NASA’s Orbiting Carbon Observatory 2 (OCO-2) was launched on July 2 marking an important milestone in climate research. The OCO-2 will study carbon dioxide concentrations and distributions in the atmosphere. In more detail, OCO-2 was designed to collect space-based global measurements of atmospheric CO2 with the precision, resolution, and coverage needed to characterize sources and sinks on regional scales. OCO-2 will also be able to quantify CO2 variability over the seasonal cycles year after year.
8. Field Medals and IBM’s Neuromorphic Computer Chip (August)
In August the field medals in mathematics have been awarded to Artur Avila, Manjul Bhargava, Martin Hairer and Maryam Mirzakhani. Mirzakhani is the first woman to win a Fields medal. Additionally, IBM scientists have created a brain-like computer chip with 1 million programmable neurons and 256 million programmable synapses across 4096 individual neurosynaptic cores.
9. Water Vapour Found on an Exoplanet + India’s First Probe to Mars (September)
Two big events happened in space exploration in September: for the first time scientists reported finding water vapour on an exoplanet HAT-P-11b, also, India’s Mars orbiter mission Mangalyaan successfully entered the orbit.
10. Nobel Prizes (October)
October was, of course, the month when the world found out who received the prestigious Nobel Prizes. In Physics, the winners were Isamu Akasaki, Hiroshi Amano and Shuji Nakamura, who were responsible for the development of the efficient blue light diodes. The Nobel Prize in Chemistry was awarded to Eric Betzig, William Moerner and Stefan Hell for “the development of super-resolved fluorescence microscopy”.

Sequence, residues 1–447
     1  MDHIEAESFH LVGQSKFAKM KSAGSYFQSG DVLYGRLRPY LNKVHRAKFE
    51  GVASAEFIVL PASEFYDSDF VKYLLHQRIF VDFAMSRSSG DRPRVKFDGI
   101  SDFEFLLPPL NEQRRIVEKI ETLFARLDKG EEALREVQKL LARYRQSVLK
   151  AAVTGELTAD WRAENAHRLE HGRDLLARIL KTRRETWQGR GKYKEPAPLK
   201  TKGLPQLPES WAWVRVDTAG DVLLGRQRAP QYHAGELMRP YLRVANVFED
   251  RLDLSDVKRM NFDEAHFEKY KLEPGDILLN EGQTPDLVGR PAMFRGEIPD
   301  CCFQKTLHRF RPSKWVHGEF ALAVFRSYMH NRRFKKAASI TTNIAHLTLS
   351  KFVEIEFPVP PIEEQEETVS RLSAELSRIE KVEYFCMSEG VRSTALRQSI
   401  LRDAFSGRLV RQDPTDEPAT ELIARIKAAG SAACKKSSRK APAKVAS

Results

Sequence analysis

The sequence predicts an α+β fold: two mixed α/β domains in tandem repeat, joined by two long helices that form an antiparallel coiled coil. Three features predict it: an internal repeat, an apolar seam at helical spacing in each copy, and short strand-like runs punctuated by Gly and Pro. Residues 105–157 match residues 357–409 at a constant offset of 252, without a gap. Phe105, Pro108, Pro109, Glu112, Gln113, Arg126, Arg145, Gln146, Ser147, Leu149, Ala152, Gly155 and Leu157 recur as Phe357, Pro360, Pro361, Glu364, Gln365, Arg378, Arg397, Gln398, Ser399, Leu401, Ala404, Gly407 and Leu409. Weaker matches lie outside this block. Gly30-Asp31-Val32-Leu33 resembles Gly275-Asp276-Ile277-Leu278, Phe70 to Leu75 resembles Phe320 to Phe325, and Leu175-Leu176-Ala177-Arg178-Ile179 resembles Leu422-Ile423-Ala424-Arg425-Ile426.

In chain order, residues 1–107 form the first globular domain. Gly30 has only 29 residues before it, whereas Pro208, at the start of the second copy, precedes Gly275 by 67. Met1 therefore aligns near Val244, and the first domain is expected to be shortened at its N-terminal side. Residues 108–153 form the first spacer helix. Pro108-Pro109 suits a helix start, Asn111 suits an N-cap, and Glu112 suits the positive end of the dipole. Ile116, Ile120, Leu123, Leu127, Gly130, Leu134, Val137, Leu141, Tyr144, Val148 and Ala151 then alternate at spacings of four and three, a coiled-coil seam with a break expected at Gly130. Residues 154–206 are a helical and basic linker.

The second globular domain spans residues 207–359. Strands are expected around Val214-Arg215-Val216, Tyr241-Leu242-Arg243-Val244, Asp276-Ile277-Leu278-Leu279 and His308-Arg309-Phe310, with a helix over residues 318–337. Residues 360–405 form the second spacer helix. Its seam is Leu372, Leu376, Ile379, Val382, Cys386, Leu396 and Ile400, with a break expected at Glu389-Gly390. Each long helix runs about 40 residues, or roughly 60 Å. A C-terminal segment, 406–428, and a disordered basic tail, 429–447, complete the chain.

11. Landing on a Comet (November)
Many important events happened on November, but the first landing on the surface of a comet performed by the Rosetta spacecraft equipped with Philae landing module easily takes the cake. 67P/Churyumov–Gerasimenko is the (almost unpronounceable) name of the comet, which will go down in history as the first comet explored by directly landing a spacecraft on it. The first results of the research from the surface of the comet are already available. In particular, on 10 December 2014, scientists reported that the composition of water vapor from Churyumov–Gerasimenko is substantially different from that found on Earth. This indicates that it is unlikely that such comets brought water to Earth. In the near future the mission will continue the research shedding light on the origins of the Solar System.
12. Planck 2014 Results (December)
The year is rapidly moving towards the end and it seems that the big physics event of December will end up being the announcement of the new Planck results. The newest data suggests that the universe is 13.8 billion years old and is composed of 4.9 percent atomic matter, 26.6 percentdark matter and 68.5 percent dark energy.
So, as we can see it was an astounding year in the world of physics. Hopefully, the next year will be even better. Meanwhile, we here at the PD want to wish you a calm Christmas and a prosperous new year.